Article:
The 19-year-old college freshman said he was getting way too much joy out of it to accept a $5000 offer to shut the account.
The world's richest man Elon Musk doesn't want the public to know where he's flying on his private jet and is willing to pay up to $5000 to hide that information. A Twitter account with the handle @ElonJet run by a 19-year-old from Florida, Jack Sweeney, tracks Elon Musk's flights and it's bothering the Tesla and SpaceX CEO and owner. The teenager rejected Musk's $5000 offer to shut down the account after the billionaire said it posed a security risk, reported CNN. The account ElonJet currently has more than 200,000 followers. Sweeney developed a bot to track Musk's flights and it's getting on the billionaire's nerves.
The bot tweets out information on when and where Musk's planes take off or land, and shares the duration of each trip. Jack Sweeney, who's a college freshman has created a dozen other bots and accounts that track the travel of tech tycoons such as Bill Gates and Jeff Bezos. "I've rewritten my Twitter bot to support multiple planes and I'm now running multiple Twitter bots for certain of interest planes," he wrote, before asking for suggestions from the public about who to transport. First, Musk requested Sweeney to take down the account. "Can you take this down?" Musk asked Sweeney on November 30. "It's a security risk."
Yeah, unfortunately this is becoming a security issue— Elon Musk (@elonmusk) January 18, 2022
Musk then offered him $5000 to prevent "crazy people" from tracking his flights. "I don't love the idea of being shot by a nutcase," said Musk. Sweeney thought surely the world's richest man do better than a $5000 offer and asked for $50,000. Sweeney said he could use it for college and maybe even get himself a Tesla (TSLA) Model 3. Elon Musk replied on January 19 that it didn't feel right to "pay to shut this down." Sweeney then replied that he would take an internship in exchange. "Options other than remuneration like an internship would make taking it down a lot easier," he replied. Musk has not responded to the teenager yet.
Sweeney's father worked for an airline, piquing his interest in aviation from a very small age. Naturally, he was a big fan of SpaceX since its first Falcon Heavy launch in 2018. When asked about rejecting a $5000 offer, he said he was getting too much joy out of it to shut it down for a paltry sum. "5,000 is not enough for how much I get out of it. It doesn't replace anything, like the enjoyment factor," he said. Being the good-natured soul that he is, Sweeney even offered technical advice to block the program, which Musk appears to have taken on board. "It looks like he took that advice," said Sweeney. But, Sweeney is too smart for Musk and found another way to keep the account running and provide updates. Sweeney said he could still track Musk's flights but "it's just a bit more complicated."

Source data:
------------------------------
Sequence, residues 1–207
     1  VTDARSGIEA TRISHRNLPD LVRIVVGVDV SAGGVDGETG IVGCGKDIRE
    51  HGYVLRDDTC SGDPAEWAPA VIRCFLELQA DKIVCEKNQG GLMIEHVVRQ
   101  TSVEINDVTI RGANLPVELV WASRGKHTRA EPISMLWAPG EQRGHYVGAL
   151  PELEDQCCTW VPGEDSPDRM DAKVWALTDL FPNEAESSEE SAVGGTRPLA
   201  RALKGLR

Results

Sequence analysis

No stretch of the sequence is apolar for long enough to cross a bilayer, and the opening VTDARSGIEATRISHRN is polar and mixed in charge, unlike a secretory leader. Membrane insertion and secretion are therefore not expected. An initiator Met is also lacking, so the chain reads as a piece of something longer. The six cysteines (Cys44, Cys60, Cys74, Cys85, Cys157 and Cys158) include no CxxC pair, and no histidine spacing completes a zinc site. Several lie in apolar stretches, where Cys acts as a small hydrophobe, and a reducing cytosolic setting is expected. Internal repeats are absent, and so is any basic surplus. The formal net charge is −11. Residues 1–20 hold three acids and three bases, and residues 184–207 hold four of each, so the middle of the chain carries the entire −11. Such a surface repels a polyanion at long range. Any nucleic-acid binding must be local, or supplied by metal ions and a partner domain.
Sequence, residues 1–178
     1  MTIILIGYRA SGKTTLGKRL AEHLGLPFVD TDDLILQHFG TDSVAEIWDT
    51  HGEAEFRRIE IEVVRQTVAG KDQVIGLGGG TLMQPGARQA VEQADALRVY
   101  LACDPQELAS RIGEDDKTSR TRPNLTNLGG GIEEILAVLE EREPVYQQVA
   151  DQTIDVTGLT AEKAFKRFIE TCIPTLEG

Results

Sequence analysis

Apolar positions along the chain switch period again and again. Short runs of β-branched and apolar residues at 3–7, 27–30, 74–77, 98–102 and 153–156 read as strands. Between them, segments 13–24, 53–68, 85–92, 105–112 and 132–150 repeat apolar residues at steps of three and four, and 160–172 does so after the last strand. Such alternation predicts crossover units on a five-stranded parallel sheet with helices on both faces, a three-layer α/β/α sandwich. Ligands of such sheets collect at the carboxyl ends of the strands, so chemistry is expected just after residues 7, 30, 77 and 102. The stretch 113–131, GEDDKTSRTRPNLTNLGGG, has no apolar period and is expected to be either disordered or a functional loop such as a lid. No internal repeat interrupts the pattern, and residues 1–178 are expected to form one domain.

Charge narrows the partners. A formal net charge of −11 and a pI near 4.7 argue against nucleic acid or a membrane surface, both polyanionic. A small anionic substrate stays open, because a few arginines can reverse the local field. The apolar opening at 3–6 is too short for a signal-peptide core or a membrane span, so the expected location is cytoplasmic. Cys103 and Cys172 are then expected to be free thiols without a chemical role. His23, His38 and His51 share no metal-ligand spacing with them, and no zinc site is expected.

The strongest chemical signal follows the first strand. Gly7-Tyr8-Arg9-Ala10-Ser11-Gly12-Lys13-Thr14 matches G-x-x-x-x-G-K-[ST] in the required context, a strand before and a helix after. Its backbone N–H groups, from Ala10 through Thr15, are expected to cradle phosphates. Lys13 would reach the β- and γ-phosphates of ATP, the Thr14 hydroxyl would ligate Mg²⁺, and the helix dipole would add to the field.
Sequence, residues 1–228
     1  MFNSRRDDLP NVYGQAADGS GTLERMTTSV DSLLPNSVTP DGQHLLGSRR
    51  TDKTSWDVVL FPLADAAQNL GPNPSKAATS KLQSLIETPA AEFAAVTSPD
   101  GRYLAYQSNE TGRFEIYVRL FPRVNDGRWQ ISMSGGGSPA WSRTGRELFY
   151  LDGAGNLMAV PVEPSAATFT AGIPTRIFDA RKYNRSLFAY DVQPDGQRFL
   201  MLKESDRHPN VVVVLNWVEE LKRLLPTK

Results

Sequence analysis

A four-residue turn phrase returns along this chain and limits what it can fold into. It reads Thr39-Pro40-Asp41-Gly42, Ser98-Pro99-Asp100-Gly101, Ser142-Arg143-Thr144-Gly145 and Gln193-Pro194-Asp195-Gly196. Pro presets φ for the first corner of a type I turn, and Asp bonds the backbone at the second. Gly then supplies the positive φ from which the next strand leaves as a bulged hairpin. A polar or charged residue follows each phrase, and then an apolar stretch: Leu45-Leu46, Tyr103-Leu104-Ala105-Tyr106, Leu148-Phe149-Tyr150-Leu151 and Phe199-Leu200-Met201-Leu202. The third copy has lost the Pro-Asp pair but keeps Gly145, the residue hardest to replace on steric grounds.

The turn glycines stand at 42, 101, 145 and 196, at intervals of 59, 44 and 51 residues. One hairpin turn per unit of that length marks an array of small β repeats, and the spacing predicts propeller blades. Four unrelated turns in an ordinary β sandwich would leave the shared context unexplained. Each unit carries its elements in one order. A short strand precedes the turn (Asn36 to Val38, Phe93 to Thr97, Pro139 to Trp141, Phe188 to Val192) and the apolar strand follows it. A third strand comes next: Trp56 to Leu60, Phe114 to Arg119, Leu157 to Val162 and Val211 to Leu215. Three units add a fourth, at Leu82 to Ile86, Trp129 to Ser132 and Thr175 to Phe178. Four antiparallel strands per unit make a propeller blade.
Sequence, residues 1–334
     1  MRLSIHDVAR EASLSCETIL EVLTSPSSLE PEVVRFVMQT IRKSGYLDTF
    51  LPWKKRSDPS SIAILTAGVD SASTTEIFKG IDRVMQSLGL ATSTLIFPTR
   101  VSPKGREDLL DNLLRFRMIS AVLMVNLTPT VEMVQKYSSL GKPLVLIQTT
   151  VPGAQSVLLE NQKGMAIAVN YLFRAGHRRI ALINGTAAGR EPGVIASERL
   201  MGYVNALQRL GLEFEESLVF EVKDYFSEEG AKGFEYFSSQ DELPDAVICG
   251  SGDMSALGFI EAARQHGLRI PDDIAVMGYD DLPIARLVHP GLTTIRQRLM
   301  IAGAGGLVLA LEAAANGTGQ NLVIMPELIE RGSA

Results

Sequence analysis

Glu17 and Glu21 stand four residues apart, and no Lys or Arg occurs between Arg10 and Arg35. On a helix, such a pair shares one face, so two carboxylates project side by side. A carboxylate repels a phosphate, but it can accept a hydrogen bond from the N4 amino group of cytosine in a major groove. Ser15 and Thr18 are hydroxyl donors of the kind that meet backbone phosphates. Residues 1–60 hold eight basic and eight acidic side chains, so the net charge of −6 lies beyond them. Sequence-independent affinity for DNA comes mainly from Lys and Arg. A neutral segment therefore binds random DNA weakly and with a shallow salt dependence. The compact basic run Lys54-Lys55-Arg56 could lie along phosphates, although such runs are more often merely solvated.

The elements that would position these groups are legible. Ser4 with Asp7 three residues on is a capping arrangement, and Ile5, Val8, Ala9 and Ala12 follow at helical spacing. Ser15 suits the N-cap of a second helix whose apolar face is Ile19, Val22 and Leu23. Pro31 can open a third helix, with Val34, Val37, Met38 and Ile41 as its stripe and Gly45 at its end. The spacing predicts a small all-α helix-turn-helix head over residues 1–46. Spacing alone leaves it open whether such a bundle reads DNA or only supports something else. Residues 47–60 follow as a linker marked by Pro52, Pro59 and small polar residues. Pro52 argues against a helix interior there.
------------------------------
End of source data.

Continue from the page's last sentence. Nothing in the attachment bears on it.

This account has every right to post jet whereabouts, ADS-B data is public, every aircraft in the world is required to have a transponder, Even AF1 (@AirForceTrack) Twitter policy states data found on other sites is allowed to be shared here as well. pic.twitter.com/Wol8O1DRiq— Elon Musk's Jet (@ElonJet) January 18, 2022
Many have praised Sweeney for his efforts to track the flights of billionaires and called for more transparency from the rich people. "Jack, What you are doing is amazing... for transparency. It would be useful for the public, stockholders, customers to know where and when corporate jets are flying. You can build a business around this capability. Don't settle for 5K, 50K, or even 500K," one person wrote on Twitter. Another person said Sweeney's actions posed a huge security risk. "Leaking exact details/info about where @elonmusk is going to be or go is kinda not cool or safe. His life is valuable and precious and not everyone loves him or wishes him well. People need to remember that and keep that in mind. Safety first," wrote another user. Many responded reminding the user that Sweeney was merely using public knowledge and not really revealing confidential information. Sweeney said he had every right to post the information available in public.